Engineering Rome

Washing the City Clean with the Latest Technology

Water Structures and the Human Health

In this wiki article, Roman aqueducts, sewer system, and baths will be discussed with respect to the health of the Roman citizens during the Roman Empire, 31-500AD.

Roman Health
The Romans greatest asset was their army. In order to have a strong army the men had to be healthy. The idea that the government had to keep their people in the army healthy led to public health. In the beginning, all knowledge of human health came from military doctors but quickly grew to benefit civilians. The Roman Empire soon put a great focus on public health by incorporating public baths and hospitals. But for this paper, I will focus more on the preventable measures of public health rather than the hospitals. Some examples of preventable measures the Roman Government incorporated were a sewer system in Rome, 11 aqueducts providing fresh water to its citizens, and widespread public baths. The Romans initially disregarded Greeks’ ideas of health. However, as all Rome’s doctors were of Greek origin, prisoners of war, Rome soon followed the Greek practices when it came to public health and hygiene. Cleanliness was very important to the Romans and they was known to hide the poor citizens who held bad hygiene with a grotesque smell away from the wealthy citizens. Within Rome the drinkable water and well as water to bathe in was sourced from far out springs channeled through those 11 aqueducts while all their waste went directly into the Tiber River flowing right through the city, by way of Rome’s sewer system. Rome’s sewer System, Cloaca Maxima, was viewed as Rome’s greatest achievement had it not been the contents of the sewer itself. During the Roman Empire, discussed in the article, The Anatomy of Rome from Capital to Cloaca, many literatures related the human body to Rome and its sewer. The sewers were seen as the guts of Rome.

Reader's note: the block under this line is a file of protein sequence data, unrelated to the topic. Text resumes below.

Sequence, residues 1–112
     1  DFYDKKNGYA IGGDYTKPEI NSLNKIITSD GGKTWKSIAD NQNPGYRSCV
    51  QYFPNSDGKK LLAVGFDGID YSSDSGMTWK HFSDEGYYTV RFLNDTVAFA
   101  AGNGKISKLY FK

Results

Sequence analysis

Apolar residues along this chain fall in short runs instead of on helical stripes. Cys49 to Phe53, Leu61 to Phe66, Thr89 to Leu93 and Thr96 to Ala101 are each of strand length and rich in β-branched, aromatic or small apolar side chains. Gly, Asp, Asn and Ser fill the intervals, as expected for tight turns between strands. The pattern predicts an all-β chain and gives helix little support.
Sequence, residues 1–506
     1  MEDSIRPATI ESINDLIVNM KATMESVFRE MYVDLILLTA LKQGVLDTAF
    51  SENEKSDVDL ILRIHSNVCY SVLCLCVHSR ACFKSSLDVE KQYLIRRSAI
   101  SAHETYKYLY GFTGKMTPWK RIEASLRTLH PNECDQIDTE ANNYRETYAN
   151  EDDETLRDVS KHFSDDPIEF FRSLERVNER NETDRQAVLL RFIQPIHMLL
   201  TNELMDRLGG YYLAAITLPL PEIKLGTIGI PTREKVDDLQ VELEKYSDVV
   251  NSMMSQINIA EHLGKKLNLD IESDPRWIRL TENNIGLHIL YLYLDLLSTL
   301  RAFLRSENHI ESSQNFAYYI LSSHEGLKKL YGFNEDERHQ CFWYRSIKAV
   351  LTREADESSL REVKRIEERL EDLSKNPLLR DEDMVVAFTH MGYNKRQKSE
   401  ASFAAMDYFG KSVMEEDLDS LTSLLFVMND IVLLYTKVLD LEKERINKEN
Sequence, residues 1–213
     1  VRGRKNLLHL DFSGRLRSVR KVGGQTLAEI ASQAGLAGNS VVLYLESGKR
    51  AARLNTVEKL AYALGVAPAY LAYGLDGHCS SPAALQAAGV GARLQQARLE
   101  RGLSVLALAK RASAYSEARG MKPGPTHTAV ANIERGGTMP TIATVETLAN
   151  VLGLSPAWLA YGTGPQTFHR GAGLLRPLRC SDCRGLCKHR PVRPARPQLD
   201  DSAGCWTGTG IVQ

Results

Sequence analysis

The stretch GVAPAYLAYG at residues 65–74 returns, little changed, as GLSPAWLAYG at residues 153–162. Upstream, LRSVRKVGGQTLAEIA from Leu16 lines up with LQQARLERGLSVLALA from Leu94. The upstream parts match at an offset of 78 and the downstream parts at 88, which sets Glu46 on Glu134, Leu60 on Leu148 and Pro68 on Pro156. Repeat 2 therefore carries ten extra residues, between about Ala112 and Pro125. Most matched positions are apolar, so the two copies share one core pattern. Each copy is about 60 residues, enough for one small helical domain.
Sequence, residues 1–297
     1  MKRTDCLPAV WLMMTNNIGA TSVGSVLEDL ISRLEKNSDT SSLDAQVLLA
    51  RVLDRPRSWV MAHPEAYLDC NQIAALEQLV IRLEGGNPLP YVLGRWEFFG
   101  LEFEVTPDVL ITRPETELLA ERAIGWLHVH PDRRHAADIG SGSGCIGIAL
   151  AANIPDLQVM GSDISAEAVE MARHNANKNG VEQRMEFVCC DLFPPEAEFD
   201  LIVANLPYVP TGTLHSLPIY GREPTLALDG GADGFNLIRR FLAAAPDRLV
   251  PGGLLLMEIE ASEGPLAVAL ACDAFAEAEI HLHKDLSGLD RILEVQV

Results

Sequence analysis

The Roman Sewer System “Cloaca Maxima”